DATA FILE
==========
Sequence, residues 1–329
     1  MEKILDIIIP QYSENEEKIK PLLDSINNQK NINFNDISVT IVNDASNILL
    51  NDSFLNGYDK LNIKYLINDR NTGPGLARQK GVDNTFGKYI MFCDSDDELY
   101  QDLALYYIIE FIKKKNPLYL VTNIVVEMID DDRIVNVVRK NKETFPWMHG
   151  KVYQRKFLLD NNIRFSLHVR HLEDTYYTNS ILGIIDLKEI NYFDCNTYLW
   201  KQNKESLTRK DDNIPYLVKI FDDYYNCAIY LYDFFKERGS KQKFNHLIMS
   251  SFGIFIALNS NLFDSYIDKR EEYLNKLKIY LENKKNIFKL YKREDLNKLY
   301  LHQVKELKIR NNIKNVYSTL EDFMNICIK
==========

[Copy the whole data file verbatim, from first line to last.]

Sequence, residues 1–329
     1  MEKILDIIIP QYSENEEKIK PLLDSINNQK NINFNDISVT IVNDASNILL
    51  NDSFLNGYDK LNIKYLINDR NTGPGLARQK GVDNTFGKYI MFCDSDDELY
   101  QDLALYYIIE FIKKKNPLYL VTNIVVEMID DDRIVNVVRK NKETFPWMHG
   151  KVYQRKFLLD NNIRFSLHVR HLEDTYYTNS ILGIIDLKEI NYFDCNTYLW
   201  KQNKESLTRK DDNIPYLVKI FDDYYNCAIY LYDFFKERGS KQKFNHLIMS
   251  SFGIFIALNS NLFDSYIDKR EEYLNKLKIY LENKKNIFKL YKREDLNKLY
   301  LHQVKELKIR NNIKNVYSTL EDFMNICIK